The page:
Cutaneous pigmentation is determined by the amounts of melanin synthesized by epidermal melanocytes, and is known to protect against sun-induced DNA damage. Melanin is synthesized within melanosomes of melanocytes that, when mature, are passed to the surrounding keratinocytes (20). There are two forms of epidermal melanin, eumelanin (which has black–brown color) and pheomelanin (red–yellow color). Eumelanin synthesis in melanocytes is stimulated by activation of the MC1R expressed on melanocytes, by the binding of α-MSH, a tridecapeptide cleavage product of POMC (20–22). α-MSH is secreted in response to UVR, and binding of a-MSH to MC1R activates adenylate cyclase and increases cAMP formation (23). The MC1R signal transduction is mediated via coupling to the heterotrimeric G-protein, which activates adenyl cyclase and increases levels of cellular cAMP (24). Elevation in cAMP leads to activation of protein kinase A, which in turn leads to increased transcription of MITF (microphthalmia transcription factor). MITF plays a key role in the control of melanogenesis, and leads to increased transcription of a range of genes including TYR and TYRP1, involved in the control of the relative and absolute amounts of eumelanin and pheomelanin (Fig. 1) (20).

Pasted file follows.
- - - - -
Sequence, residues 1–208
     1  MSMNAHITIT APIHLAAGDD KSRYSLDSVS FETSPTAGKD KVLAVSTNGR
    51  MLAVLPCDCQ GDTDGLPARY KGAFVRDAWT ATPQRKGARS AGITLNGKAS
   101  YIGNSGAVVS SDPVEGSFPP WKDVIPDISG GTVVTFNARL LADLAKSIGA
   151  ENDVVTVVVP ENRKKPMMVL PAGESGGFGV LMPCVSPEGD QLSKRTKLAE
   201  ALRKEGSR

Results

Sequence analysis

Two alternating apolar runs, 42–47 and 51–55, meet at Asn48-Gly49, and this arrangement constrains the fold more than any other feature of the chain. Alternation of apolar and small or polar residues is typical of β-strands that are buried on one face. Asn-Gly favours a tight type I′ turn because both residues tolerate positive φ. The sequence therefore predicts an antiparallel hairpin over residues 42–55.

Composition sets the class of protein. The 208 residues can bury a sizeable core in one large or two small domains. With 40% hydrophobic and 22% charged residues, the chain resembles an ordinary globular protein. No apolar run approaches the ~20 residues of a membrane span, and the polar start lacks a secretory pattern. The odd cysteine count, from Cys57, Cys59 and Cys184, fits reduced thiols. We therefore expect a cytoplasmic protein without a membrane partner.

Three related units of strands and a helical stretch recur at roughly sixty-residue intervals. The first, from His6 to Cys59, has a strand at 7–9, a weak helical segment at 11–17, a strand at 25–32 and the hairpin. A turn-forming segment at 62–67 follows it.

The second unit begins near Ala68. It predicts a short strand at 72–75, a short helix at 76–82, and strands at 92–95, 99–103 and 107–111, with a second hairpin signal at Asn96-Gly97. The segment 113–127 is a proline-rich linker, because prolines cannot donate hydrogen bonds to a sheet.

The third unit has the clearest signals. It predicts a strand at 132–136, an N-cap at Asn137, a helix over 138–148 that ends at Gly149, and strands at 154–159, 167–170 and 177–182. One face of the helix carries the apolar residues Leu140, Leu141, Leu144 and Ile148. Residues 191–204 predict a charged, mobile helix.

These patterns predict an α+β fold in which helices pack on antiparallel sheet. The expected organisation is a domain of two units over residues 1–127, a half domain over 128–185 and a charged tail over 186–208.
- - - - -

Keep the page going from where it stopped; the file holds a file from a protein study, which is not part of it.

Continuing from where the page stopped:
MC1R gene is located on chromosome 16q24.3 and encodes for a seven pass transmembrane receptor of 317 amino acids, which is expressed in several cell types, including epidermal and follicular melanocytes and keratinocytes (21,22).
The human MC1R is highly polymorphic in the Caucasian population and certain allelic variants of the gene are associated with red hair color (RHC) phenotype and increased risk of melanoma or nonmelanoma skin cancer (BCC, SCC) (14,23).